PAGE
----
Australia: Sport and disability

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MEI's Australian reporter Jane Symmonds takes a look at how disabled sport is treated in the land down under.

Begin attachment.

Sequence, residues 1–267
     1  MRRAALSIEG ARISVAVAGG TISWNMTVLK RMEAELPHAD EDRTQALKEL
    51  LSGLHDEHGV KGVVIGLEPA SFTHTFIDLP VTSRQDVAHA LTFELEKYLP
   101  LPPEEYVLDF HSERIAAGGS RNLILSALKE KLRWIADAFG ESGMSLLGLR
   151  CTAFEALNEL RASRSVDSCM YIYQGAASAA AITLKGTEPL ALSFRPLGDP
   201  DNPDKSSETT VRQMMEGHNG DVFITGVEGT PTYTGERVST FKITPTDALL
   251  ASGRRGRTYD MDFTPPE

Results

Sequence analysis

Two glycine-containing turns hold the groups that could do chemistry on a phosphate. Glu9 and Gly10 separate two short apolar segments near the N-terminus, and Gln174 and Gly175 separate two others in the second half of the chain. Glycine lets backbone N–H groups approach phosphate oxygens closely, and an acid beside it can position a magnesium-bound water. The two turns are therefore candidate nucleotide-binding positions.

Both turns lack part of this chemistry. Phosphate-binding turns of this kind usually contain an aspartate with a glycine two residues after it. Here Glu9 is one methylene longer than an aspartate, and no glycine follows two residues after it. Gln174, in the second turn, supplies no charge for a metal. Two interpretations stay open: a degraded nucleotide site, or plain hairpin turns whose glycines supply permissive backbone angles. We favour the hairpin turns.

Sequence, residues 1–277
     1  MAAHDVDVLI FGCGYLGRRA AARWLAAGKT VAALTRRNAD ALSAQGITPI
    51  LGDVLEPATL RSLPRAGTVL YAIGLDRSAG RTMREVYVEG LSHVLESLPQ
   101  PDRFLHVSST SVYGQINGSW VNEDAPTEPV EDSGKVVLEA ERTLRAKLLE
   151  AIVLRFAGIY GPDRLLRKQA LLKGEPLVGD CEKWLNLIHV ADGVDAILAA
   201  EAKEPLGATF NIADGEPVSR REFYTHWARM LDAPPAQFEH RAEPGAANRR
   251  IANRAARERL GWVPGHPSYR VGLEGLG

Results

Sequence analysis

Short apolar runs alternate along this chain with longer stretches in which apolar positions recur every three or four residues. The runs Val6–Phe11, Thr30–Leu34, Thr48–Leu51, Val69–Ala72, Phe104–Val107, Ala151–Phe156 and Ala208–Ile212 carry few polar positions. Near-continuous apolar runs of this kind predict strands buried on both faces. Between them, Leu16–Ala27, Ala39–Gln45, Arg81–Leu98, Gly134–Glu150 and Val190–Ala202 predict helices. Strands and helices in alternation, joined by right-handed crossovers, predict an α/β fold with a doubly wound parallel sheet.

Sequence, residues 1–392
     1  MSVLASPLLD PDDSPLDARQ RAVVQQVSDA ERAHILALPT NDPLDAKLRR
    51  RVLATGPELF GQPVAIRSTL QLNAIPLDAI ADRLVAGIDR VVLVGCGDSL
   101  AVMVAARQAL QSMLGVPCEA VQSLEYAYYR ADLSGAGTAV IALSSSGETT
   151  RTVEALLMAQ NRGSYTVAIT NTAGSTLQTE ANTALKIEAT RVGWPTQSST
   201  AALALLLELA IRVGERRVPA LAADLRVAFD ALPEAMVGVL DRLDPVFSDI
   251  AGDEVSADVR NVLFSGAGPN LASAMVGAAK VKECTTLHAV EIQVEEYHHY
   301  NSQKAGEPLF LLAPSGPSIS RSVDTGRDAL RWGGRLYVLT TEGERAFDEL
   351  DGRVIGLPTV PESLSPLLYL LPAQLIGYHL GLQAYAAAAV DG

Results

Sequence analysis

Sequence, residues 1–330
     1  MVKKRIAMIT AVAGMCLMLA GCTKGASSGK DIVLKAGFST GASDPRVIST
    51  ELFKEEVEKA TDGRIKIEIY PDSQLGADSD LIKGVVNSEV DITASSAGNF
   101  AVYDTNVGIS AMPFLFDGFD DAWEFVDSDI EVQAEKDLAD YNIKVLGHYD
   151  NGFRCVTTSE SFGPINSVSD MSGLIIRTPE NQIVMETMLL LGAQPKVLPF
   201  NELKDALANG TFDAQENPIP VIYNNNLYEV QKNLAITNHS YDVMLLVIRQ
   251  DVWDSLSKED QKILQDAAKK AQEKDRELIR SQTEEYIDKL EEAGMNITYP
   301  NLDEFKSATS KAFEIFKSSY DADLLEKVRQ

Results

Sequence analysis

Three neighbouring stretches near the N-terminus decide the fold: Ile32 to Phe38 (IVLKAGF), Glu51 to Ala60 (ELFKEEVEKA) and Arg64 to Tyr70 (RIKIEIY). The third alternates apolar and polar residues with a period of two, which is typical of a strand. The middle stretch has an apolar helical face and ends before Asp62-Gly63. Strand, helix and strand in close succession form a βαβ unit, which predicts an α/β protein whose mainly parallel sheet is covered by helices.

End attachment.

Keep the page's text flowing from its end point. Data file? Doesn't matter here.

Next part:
According to a recent speech made by the Australian Federal attorney–general, Robert McClelland, approximately 4m people (just under 20% of the population) in Australia have a disability of some kind. A report by the Australian Bureau of Statistics in 2006 found that 53% of people with a disability participated in sport, compared with 68% of Australians with no disability. There are a wide range of organisations catering to athletes with disabilities in Australia, from the community level through to elite competitors. Key among these is Australian Athletes with a Disability (AAWAD), a not–for–profit organisation formed in 2003 as a central administrative and funding body for organisations supporting athletes with a disability. AAWAD is sponsored by the Australian government's Australian Sports Commission. AAWAD's main duties include coordinating and promoting sporting activities, providing pathways for officials and coaches, providing elite national–level competition opportunities, and liaising with Australian and international governments and organisations. As well as providing news and information on a range of sports, AAWAD also offers twice–yearly funding grants to individuals and organisations to assist with training and selection camps, accreditations, development of sports and resources, hosting of championship events, and delegates attending international meetings. AAWAD is also responsible for the administration of the Australian Sports Organisation for the Disabled, the Cerebral Palsy Sports and Recreation Federation of Australia, and Wheelchair Sports Australia. Other national organisations (by no means an exhaustive list) include Riding for the Disabled Association of Australia, Blind Sports Australia, Deaf Sports Australia, Disabled Winter Sports Australia, Special Olympics Australia, AUSRAPID (primarily for people with intellectual disabilities), and the Australian Paralympic Committee. The Australian Sports Commission (ASC) is Australia's primary national sports administration and advisory agency. On behalf of the Australian government, the ASC plays a central leadership role in the development and operation of the Australian sports system, administering and funding sport programmes and providing leadership, coordination and support for the sports sector. The ASC's Sports Disability Unit coordinates the Sports CONNECT national framework, which works to develop pathways for people with a disability to get involved in sport, by creating and developing relationships between sports and disability organisations. At a national level, sporting organisations and governing bodies receive funding to develop a Disability Action Plan, with a focus on preparing both people and sports to be inclusive. The Sports CONNECT Network works at a state and territory level to partner with sport and recreation departments to provide advice, funding, education and training to sporting and disability sector organisations. The ASC gives the following example of the Sports CONNCT model in practice:"A Sports CONNECT Network (SCN) coordinator is working directly with a state football association in developing a Disability Action Plan. This state plan would reflect the existing national plan for that sport. Through the use of a nationally consistent assessment tool, the SCN coordinator is able to identify football clubs in a particular region that are prepared and willing to service people with disability. The SCN can then follow the same process with disability sector organisations, finding organisations that value sport and want their clients to be physically active. The SCN coordinator can then begin connecting the willing football clubs with the willing disability sector organisations in the same area, with the outcome being more people with disability participating in sport. "At the elite level, the ASC's Australian Institute of Sport is the country's premiere sports training institute. During the 1990s, the AIS had a specific 'athletes with disabilities' programme, but following the 2000 Paralympic Games, a move was made towards integrating AIS programmes for athletes with a disability with the respective mainstream programmes. Elite Australian athletes with a disability have enjoyed success comparable to that of their compatriots without a disability. According to the International Paralympic Committee, as of the Beijing 2008 Summer Paralympic Games, Australia was sixth in the all–time medal tally, behind the US, Great Britain, Canada, France and Germany. Access to, and use of, public venues, including sporting venues, by people with a disability is primarily governed by building codes and anti–discrimination legislation in Australia. As of 1 May 2011, the Disability Standards for Access to Premises will also come into effect, setting for the first time minimum national standards for accessibility requirements, and rectifying inconsistencies between anti–discrimination and building laws. The standards cover features such as doorways, lifts, ramps, toilets, wheelchair seating spaces, accessible car parks, signage (including Braille) and tactile indicators, hearing augmentation, and public transport. A spokesperson for the Australian Sports Commission's Disability Sport Unit told MEI that in general, Australian sporting venues catered well to both competitors and spectators with a disability. "How well they cater for disability depends on a variety of factors, " the spokesperson said. "Not least the age of the venue–the 'newer' a facility is, then generally the better the access and facilities. For competitors, depending on the event, adjustments are needed to support specific types of competition, for example, seated throwers in athletics require particular set up. These are usually set up by the respective sports and are well understood. For spectators, access is more problematic, particularly for people with higher support needs. There are schemes such as the Companion Card Scheme that allows carers of people with a disability free access when caring for people with a disability. More and more venues are signing up to the Companion Card Scheme. "